Manage the Information Explosion in Your Organization
According to a 2016 survey conducted by Brousseau & Associates, the volume of documents (paper and electronic) flowing through business operations increased between 2014 and 2016. In fact, paper still accounts for much of the information flow. Two-thirds of organizations report that there has been no reduction in the amount of paper flowing through their business processes, and many report more paper than ever.
In our technologically advanced world, with nearly every organization reliant on computers, the Internet, email and speed of information exchange, the fact that paper documents are increasing boggles the mind!
Even more baffling is the fact that while most organizations are under pressure to reduce costs, comply with stringent regulations, and satisfy ever-increasing customer service demands, they allow paper and inefficient flow of information to strain their operations. This strain is particularly evident when processes that rely on unstructured information such as documents, images and e-mails are observed. Adding to the dilemma is the explosion of information that must be managed securely, along with the increasingly diverse channels through which documents arrive.
While paper-based information is to blame for many of the bottlenecks, information slow-downs and security breaches that organizations encounter, ineffective routing and lax computer security procedures for electronic documents cause nearly as many problems. But, these issues are all preventable in organizations that are willing to change. Here are some changes to consider:
Reduce the Flow of Paper from Outside
While you may not be able to prevent paper documents from arriving in the mail, you can stop them at their source. Mail Room Services like Customer Communications and Forms Processing can be moved off-site or outsourced. All incoming mail is then opened, scanned, and digitally transmitted to its destination.
Eliminate Internal Use of Paper
Once the inflow of paper has stopped, then eliminating internal paper files can begin. Not every file will need to be converted. Spend time at the outset to decide which files to convert, when and how to schedule the conversion, and what form the electronic data should take. Many businesses store out of date information in Intelligent, searchable PDFs that are coded to identify the content.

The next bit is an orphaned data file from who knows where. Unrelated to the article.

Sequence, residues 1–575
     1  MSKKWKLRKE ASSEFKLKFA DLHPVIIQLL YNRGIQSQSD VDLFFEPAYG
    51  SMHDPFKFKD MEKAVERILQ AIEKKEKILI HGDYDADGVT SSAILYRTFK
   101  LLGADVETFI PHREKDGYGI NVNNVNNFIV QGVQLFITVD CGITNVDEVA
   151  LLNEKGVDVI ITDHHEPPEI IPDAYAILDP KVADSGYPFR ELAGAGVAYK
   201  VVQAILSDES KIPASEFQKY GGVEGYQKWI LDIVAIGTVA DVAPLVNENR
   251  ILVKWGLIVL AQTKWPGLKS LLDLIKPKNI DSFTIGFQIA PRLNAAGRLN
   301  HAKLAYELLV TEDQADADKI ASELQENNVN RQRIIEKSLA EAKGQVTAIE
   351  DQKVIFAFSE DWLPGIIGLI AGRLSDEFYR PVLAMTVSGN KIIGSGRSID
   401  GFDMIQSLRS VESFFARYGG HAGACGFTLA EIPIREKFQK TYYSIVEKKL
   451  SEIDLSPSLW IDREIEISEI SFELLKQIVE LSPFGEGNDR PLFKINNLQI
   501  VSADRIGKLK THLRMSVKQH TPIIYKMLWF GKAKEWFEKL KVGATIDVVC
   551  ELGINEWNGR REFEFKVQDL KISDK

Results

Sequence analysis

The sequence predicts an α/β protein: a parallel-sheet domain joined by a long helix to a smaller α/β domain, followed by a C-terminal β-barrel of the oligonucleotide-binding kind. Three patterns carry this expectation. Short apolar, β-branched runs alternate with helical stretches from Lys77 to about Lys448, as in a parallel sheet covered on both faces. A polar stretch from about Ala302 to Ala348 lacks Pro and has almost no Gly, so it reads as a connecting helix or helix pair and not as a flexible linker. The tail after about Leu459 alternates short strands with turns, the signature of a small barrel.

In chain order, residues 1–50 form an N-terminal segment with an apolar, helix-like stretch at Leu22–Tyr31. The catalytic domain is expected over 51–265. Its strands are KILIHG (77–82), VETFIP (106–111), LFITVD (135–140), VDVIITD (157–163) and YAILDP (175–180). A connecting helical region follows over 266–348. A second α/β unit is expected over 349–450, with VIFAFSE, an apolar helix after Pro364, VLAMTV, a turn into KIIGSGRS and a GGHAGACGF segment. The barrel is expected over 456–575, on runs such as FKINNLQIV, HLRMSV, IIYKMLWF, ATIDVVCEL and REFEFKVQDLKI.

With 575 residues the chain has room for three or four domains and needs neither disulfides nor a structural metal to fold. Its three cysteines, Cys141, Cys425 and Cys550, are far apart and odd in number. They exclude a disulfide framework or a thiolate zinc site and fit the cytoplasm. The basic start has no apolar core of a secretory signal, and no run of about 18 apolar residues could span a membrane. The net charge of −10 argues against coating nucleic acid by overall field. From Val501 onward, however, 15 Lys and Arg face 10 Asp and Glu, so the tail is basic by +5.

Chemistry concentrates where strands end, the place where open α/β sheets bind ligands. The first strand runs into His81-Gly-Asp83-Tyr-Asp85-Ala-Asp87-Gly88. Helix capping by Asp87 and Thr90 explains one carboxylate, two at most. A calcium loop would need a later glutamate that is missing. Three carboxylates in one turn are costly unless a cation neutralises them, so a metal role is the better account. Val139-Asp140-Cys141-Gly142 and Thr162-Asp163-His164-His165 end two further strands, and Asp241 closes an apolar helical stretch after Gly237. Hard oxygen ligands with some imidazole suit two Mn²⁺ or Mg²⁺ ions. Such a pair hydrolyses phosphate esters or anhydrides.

In-process-documents will, of course, be born digital and remain digital. A solution that allows collaboration on one document between employees and departments, whether onsite or in another location, prevents duplicate documents and ensures that the most current revision is always available.
When you automate processes, you have more control. You can identify inefficiencies by reviewing continually updated top-level reports. You know that status of any process at any time. Your business gains competitive advantage, as customers are better served and incoming information is more quickly integrated into the process flow. Digital documents flow where they need to be, when they need to be there, with all associated tasks monitored for status and completion.
Make Information Intelligent and Secure
The European Union (EU) Parliament approved the General Data Protection Regulation (GDPR) in April, 2016 as a replacement for the Data Protection Directive, adopted in 1995. The law goes into effect May 2018 and is designed to protect EU citizens’ personally identifiable information (PII). Companies around the world need to take a closer look at how they store and manage their data, because the GDPR will apply to them.
To comply, many businesses in the EU, the USA and around the World are investing in technologies that enable them to:
- Efficiently apply extensive security settings to restrict access to PII.
- Electronically control and encrypt anything that contains PII, both during transmission and at rest.
- Establish security protocols to prevent fines and save money.
“The GDPR will affect not only EU-based organizations, but many data controllers and processors outside the EU as well. Threats of hefty fines, as well as the increasingly empowered position of individual data subjects tilt the business case for compliance and should cause decision makers to re-evaluate measures to safely process personal data.” –Bart Willemsen, Research Directer, Gartner